How to Talk to CEO’s

The Universe has a funny way of working. It seems to have the attitude of, “I’ll allow it to happen when it’s ready to happen.” We see this in all phases in our life. We really want something—really bad. But we don’t get it. Then later, we realize we really didn’t want it. What if we were to get everything we think we want? Not so good. The Universe usually knows best.

It’s that way in business too. Everyone’s talking about how they have to call higher or get wider in organizations (call on the President.) But yet, when I ask what they’re going to talk about when they get there, I get mush.

Recently I did an exercise with a client called “Value Mapping.” We looked at the kinds of problems they could solve for their clients, what kind of value those solutions would bring to their clients, and at what level that value was felt.

We quickly arrived at the conclusion that much of the value was felt at the CEO level. Yet, when I asked the account development people what kinds of conversations they had when they got in front of CEO’s, the answer was “We never talk to CEO’s.”

Again, could it be that they aren’t getting in front of CEOS because they never thought about it? Probably not. I used to think our reluctance to call on CEO’s was caused only by our own self-image. However, I’m beginning to see that there is another issue. Our reluctance stems more from our ignorance of how they think and what they want to talk about than it does our self-image of deserving to be at that level.

Therein lies a nagging and continuous problem in the communication of your value to your client companies. That is – the person who gets the most benefit from your product seldom knows or is involved in the sales process upfront. That would be the CEO.

The first critical point in understanding the discussion you should have with a CEO is to understand how your value or your solutions impact the following areas. These areas I list are the five most relevant topics a CEO deals with daily. So as you go through this list of five topics, scribble some notes at the end of each paragraph if you bring any value in helping them deal with these issues.


Most CEO’s I know have a financial mind. They care about the net income of the company, either on a monthly, quarterly or annual basis. They also care about the trends and the indicators that lead to the final numbers. Does your solution have any impact on profitability? If so, your conversation with this CEO is quite relevant. If not, maybe you haven’t looked deep enough. The prospect is not going to connect these dots for you. You’ll have to do it yourself.

Employee Retention

With a tight labor market (unemployment less than 5%), especially in key positions, the CEO knows that she has to hang on to her best people. If you provide a solution that helps make employee retention more successful, you will have her ear.

Revenue Growth

Every CEO cares about new business capture, client expansion, new markets and general sales numbers. They may not care about the process their managers go through to get those numbers, but they do care about the end results. Do your solutions touch that at all? Before you say no, check it out. Do a mind map, where you start at the left of the page with the problem your company solves—then move to the right with the total impact of that solution. I’ll bet you’ll find some connection between what you do and their revenue.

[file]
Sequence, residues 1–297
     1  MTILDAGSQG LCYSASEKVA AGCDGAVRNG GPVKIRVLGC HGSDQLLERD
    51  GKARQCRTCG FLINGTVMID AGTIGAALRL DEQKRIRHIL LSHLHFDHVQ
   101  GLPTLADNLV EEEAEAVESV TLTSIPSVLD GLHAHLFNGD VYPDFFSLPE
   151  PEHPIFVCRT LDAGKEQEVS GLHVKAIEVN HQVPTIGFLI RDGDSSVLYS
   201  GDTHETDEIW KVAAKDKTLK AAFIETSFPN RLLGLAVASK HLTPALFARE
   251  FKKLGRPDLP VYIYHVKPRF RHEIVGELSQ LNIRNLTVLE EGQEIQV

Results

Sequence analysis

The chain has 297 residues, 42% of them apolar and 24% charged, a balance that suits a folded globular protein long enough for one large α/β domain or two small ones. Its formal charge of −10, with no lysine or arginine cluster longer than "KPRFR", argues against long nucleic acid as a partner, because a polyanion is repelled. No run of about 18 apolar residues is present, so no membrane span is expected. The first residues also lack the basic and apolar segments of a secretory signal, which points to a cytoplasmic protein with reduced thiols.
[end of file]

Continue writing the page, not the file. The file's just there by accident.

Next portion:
Market Capitalization

If you are calling on publicly held companies, market cap is a big issue. If you’re calling on privately held companies, “creating stakeholder wealth” might replace “market cap” as the relevant topic. Peter Drucker says, “Businesses are in existence not to create profit but to serve customers.” While I agree, “creating profit” is a first cousin to customer acquisition and wealth for the stakeholders (not just the owners, but the employees, clients, vendors and the entire array of support people).

Vision and Strategy

Most CEO’s, if they are not visionary, should be. Most CEO’s, if they don’t have a strategy, should have one. Sometimes the very simple notion of you asking the questions about vision and strategy will cause the CEO to think about it at a different level. Just because the CEO talks about his vision and strategy doesn’t mean the other people in the organization understand what it is.

John Kotter in Leading Change says, “Less than .05% of the time in a leader’s day is spent dealing with company vision.” So one must never assume that the CEO has done a good job of communicating that vision down the chain.

So as you go through these five relevant CEO topics, do you see any that you could help her with? If there is no link, then say that. But if there is a link, then you can look that CEO square in the eye and say “Ms. CEO, we help organizations who are looking to increase market capitalization and who are looking to expand their customer base. We’ve got solutions to those problems. You have to tell me whether these topics are relevant to you.”

Bill Caskey is the founder of Caskey Training in Indianapolis and a sales development leader and experimenter. His ideas about selling are convictions about life, money, and meaning. He has coached sales professionals and executives for over 19 years. For more information, please visit Caskey's website or follow Bill on Twitter.

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